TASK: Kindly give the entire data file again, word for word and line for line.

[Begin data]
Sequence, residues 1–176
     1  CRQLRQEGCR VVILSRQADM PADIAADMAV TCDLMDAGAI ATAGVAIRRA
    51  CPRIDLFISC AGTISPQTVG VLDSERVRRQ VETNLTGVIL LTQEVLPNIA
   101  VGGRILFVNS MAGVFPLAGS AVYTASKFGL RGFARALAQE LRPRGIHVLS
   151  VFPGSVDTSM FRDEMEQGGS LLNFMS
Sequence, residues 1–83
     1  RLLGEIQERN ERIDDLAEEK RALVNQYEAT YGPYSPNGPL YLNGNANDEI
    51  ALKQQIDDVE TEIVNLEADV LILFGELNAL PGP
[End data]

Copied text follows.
Sequence, residues 1–176
     1  CRQLRQEGCR VVILSRQADM PADIAADMAV TCDLMDAGAI ATAGVAIRRA
    51  CPRIDLFISC AGTISPQTVG VLDSERVRRQ VETNLTGVIL LTQEVLPNIA
   101  VGGRILFVNS MAGVFPLAGS AVYTASKFGL RGFARALAQE LRPRGIHVLS
   151  VFPGSVDTSM FRDEMEQGGS LLNFMS
Sequence, residues 1–83
     1  RLLGEIQERN ERIDDLAEEK RALVNQYEAT YGPYSPNGPL YLNGNANDEI
    51  ALKQQIDDVE TEIVNLEADV LILFGELNAL PGP